The Fleeting Spring

posted on: April 29, 2010

Spring; so beautiful, yet so fleeting. Trees blossom with dainty soft flowers, only to shed their petals and quickly make way for leaves and berries that house and feed the birds of summer. I wanted to capture this fleeting moment, specifically, the moment in which the petals take flight from the trees. It's really a moment better communicated by video, since the motion of the petals is what's most beautiful, but as a still photographer, I wanted to push myself to explore communicating that sense of flight through still imagery. What follows is my process of exploration and discovery, which is how I approach almost anything I photograph...

I started with a basic observation of the petals leaving the trees, and I observed that the petals in the air are very difficult to see when set against the background of the tree.

Then I turned my attention to documenting the aftermath, the destination point of the petals and how the wind seems to gather them into clusters near curbs and walls, yet this still did not demonstrate the motion and the fleeting moment.

Still unsatisfied, I thought, perhaps using a shallow depth of field would sufficiently separate the tree and its fleeting petals from the background, but was unsatisfied with the minimal petals that I was able to capture. In person, I felt surrounded by petals floating in the air.

Perhaps a darker background, to offset the light color of the petals, set against the texture of the rippling canal, could do this petal shower justice?

Or maybe the sidewalks, all lined with gathered petals, would be better?

Ultimately, I settled on capturing only the petals in manual focus, with a telephoto lens, with an aperture just large enough to capture several petals while still keeping the background out of focus, and framed to create a feeling that they were free floating with seemingly no attachment to their former host.

After feeling as though I did my best to capture a still photograph of a fleeting moment, I passed a spider, troubled that all of the petals were revealing its invisible trap. Not everyone appreciates this beautiful wonder of spring.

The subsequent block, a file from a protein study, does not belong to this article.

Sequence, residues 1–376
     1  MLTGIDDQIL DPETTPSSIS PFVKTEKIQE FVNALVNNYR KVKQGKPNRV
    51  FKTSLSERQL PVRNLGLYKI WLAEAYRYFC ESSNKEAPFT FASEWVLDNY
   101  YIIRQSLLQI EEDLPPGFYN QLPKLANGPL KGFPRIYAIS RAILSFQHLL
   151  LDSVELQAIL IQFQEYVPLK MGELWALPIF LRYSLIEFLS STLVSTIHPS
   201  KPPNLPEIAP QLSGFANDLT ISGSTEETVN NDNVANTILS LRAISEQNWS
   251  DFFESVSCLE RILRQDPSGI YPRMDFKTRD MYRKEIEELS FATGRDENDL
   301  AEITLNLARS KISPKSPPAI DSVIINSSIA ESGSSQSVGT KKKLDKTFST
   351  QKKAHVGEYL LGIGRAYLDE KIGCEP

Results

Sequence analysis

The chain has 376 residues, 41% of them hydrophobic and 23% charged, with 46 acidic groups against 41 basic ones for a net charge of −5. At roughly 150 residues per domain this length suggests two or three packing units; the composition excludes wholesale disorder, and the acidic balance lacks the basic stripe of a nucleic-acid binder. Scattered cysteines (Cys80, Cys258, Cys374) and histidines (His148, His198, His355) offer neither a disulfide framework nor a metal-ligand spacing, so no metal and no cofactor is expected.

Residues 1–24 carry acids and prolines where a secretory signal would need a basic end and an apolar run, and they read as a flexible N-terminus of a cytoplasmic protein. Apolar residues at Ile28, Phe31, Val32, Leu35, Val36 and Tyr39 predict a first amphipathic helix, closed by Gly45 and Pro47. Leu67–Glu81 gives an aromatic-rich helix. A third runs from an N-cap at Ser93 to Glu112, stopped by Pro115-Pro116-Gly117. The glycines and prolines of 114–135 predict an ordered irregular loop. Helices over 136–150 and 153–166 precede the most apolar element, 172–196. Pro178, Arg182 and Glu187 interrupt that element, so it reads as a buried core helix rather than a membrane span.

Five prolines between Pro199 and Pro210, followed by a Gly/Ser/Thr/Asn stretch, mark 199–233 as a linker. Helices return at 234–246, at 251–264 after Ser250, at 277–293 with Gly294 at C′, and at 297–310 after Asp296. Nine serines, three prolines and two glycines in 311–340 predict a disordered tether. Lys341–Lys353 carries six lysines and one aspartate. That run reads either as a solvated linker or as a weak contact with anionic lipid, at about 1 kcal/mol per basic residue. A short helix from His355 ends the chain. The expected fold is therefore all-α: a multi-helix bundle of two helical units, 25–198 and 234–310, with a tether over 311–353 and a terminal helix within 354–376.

Even after I left the scene, I continued to think about how I could capture that moment, that feeling, in a still photograph, and one more idea came to mind... I could have tried to move with the petals, at a tight aperture and a slow shutter, with a background with just enough contrast and shape to show the background in motion while keeping the petals in focus.

I'd love to hear from you! How would you approach a moment like this?

5 comments, to add [click here]:

  1. Oh! We did this just this past Saturday too! I took a 50mm 1.4 wide open set against the dark door of the church:!/photo.php?pid=5948863&id=94516960029

    and tried the same thing with the 16-35 2.8 here:!/photo.php?pid=5948873&id=94516960029&fbid=429533510029

    The 16-35 shot had a bit of a longer shutter speed, so you do get the motion!/photo.php?pid=5948873&id=94516960029&fbid=429533510029
    ... PLUS the edge distortion/stretch of the 16mm lens really puts a bit of motion into it that the 50mm doesn't have. ;)

  2. What a wonderful post. I enjoyed your 'lesson of self challenge' and I think that the second to the last image, where the petals are free floating and manual capture, is gorgeous. But I like the spider image too. unique.

  3. I have NO advice for you........your photos are amazing however you choose to capture them.

    I think you did the SPIDER moment perfectly. He is in perfect focus & that is exactly what I would have wanted to see clear. :)

  4. I have never tried this before... but while thinking about your different attempts, I wonder how it might have looked laying on the ground shooting up into the sky.
    Depending on the sky itself you may have to try at different times of the day.
    I'm seeing part of a tree on the bottom left hand side of the image and maybe this is shot with a short zoom. Possibly wide angle.
    Sonja :-)

  5. Good idea Sonja!


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